Where Injustice & Justice

Injustice and Justice I came to faith at age forty. I remember how I longed to experience everything my new Christian life had to offer. I knew God saved me for a purpose. I was not exactly sure what that purpose was, I just knew I was anxious to make my stand for Jesus. I labored to produce the good fruit that I knew would please God. I actually called my step-sister, the only Christian in my family at the time, and asked her if she would join me in evangelizing all of our family members over the course of a thirty-day period. We would divide and conquer; for Jesus! Thankfully, she declined. Evangelizing my family is a good thing. Following a checklist and calendar to do it, is not.

My burdens were heavy as I sought to live up to my potential as a child of God. I fought for causes and stood my ground, sure that I was right – I had Jesus on my side. Only problem was, it wasn’t about the gospel. It was not about loving people. While I was taking my stand and fighting for my causes, I forgot the One who took the only “right” stand. I missed the One who truly stands for justice, because he is Justice himself. I was busy making my case and arguing for the defenseless but had left out the One Pure Advocate, the only one who needs no defense. Jesus has fought every battle, defended every small, weak and defenseless human being, and won all wars, battles and injustices known to humankind. He is perfect Love, perfect Judge, perfect Mediator, and perfect Defender. He loves with an everlasting love that holds no record of wrongs.

The cross
The reality is that my motivations are impure, and so are yours. Our desires are selfish and our attitudes are judgmental. We grow weary and, at times, lazy, and our wanderings into social justice arenas amount to starts and stops. We get discouraged and grow apathetic. We want to see change and grow impatient when we do not. We are the homeless, helpless and destitute ones we are trying to help. We are all addicted, lawbreaking scoundrels. No amount of sprucing up our exterior can hide the fact that our hearts are prone to wander, and they generally end up in the bad part of the neighborhood. The good news, however, is that Christ has accounted for all this and more. At the cross, the sins of the world are taken away.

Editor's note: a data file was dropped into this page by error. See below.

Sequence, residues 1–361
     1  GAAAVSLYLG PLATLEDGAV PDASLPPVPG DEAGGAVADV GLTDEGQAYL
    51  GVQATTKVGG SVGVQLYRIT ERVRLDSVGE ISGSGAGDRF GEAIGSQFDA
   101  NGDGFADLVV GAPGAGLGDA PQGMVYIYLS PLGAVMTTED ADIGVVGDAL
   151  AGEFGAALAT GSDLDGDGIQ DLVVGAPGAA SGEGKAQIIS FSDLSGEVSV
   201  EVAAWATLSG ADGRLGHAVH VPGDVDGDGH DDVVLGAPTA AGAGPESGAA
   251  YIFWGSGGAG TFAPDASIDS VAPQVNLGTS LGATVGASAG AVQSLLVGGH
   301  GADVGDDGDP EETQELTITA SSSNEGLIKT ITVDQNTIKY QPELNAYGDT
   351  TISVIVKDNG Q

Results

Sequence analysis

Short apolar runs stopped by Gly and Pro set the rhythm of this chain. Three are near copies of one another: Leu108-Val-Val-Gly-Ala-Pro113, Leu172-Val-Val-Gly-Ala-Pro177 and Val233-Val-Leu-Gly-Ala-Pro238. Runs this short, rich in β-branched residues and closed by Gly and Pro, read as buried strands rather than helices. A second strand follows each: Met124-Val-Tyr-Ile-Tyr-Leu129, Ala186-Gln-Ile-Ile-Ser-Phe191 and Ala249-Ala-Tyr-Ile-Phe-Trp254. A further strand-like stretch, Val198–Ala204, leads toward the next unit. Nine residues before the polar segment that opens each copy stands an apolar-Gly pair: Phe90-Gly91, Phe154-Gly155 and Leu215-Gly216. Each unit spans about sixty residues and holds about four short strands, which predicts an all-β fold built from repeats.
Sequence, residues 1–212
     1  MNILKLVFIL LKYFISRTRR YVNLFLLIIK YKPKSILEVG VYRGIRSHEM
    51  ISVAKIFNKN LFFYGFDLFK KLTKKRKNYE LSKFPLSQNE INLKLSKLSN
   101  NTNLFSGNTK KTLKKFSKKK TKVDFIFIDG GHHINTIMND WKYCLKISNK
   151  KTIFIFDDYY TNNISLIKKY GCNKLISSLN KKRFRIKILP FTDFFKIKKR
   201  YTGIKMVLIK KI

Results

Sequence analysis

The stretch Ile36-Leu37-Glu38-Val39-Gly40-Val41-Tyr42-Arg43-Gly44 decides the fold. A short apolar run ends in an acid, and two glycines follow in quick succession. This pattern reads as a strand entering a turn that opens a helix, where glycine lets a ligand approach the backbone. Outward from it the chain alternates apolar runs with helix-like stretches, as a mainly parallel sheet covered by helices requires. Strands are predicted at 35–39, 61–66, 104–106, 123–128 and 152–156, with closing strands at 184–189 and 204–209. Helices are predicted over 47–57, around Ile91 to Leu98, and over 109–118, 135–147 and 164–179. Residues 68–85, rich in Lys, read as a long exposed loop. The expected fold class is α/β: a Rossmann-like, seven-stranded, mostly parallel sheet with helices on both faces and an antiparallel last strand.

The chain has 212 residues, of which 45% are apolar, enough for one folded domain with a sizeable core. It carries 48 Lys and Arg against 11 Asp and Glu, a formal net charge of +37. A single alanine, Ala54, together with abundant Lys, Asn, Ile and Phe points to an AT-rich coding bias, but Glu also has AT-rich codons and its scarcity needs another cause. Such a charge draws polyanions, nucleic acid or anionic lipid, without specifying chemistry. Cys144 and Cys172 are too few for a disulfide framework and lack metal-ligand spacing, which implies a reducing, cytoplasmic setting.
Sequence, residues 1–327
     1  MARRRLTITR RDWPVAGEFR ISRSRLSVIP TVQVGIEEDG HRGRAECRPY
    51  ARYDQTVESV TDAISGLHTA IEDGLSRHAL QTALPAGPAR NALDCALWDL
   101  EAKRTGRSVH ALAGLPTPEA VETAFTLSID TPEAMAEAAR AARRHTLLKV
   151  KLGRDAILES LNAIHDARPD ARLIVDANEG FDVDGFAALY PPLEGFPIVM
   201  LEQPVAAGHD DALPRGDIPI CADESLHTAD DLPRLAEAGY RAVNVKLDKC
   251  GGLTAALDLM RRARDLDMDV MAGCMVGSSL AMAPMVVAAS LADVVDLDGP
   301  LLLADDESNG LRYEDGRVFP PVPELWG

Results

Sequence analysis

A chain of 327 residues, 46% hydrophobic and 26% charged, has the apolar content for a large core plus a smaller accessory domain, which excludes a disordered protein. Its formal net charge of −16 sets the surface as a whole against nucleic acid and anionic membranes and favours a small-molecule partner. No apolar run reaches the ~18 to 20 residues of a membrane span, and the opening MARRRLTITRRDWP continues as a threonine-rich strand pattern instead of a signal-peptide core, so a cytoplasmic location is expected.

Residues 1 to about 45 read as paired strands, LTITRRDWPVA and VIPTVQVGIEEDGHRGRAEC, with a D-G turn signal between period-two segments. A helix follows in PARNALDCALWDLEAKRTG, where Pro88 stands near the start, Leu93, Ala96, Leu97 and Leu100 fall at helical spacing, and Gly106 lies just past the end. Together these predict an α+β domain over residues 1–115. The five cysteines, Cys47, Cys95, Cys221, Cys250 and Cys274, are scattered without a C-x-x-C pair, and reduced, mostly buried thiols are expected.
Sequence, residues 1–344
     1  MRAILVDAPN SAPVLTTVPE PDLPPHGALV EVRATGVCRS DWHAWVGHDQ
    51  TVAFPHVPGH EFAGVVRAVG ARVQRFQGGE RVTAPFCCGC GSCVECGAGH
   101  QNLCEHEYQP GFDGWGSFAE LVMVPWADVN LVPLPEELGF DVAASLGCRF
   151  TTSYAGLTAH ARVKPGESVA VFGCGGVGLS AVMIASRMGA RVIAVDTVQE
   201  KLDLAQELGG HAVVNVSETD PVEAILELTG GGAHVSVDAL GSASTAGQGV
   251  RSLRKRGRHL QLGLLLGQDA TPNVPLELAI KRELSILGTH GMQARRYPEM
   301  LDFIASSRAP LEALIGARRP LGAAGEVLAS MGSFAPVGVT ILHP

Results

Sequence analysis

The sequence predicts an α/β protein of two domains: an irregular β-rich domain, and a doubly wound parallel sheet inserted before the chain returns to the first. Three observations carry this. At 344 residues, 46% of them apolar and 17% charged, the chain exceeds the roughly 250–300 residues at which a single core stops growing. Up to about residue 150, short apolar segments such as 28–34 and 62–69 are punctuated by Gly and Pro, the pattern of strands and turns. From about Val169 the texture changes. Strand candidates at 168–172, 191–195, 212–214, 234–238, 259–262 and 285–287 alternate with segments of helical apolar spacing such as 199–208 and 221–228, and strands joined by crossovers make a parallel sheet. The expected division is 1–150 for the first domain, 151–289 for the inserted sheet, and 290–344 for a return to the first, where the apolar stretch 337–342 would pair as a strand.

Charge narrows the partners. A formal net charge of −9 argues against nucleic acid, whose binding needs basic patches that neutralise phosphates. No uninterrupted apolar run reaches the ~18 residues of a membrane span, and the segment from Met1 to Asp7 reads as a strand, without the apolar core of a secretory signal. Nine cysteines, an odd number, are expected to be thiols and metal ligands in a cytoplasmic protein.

At the cross, Christ meets what God’s justice requires – death for sinners. Does that sound unjust? It should. It is not the way our world operates. People have to pay for their own mistakes. In this world, fair is fair. God’s kingdom is set up differently. God’s ways are not our ways, thankfully. ‘“My thoughts are nothing like your thoughts,” says the Lord. “And my ways are far beyond anything you could imagine.’ (Isaiah 55:8).

Injustice rushes toward the cross with all the fury from the angry mob driving it. They were fighting their cause, taking their stand. They knew they were right and this man would pay, he would pay! All of their anger and cries for blood worked. They fought and they won the victory, He would be crucified at their demand. Yet, all those who cried out “crucify him” would be counted together with every other sinner throughout history. Those who cried out for his blood are the very ones his shed blood would free. Christ died to take away their sin, and yours too. For those who cried out for his blood; for those who take stands with impure motives and self-righteous claims; for those who miss him in the midst of the fight; for all the ways we get it wrong – Christ knows. He did not die because we had it all together. He did not die to pay the ultimate sacrifice for our perfect motives. Knowing our imperfections and selfish motives, he comes; he comes to me and to you. He calls us friend. He calls us beloved. Justice met injustice on the cross, and being found in Christ, we are now free.

Lori Harding is Director of Care Ministries and Women’s Support at Coral Ridge Presbyterian Church. She blogs regularly at lorileighharding.blogspot.com.

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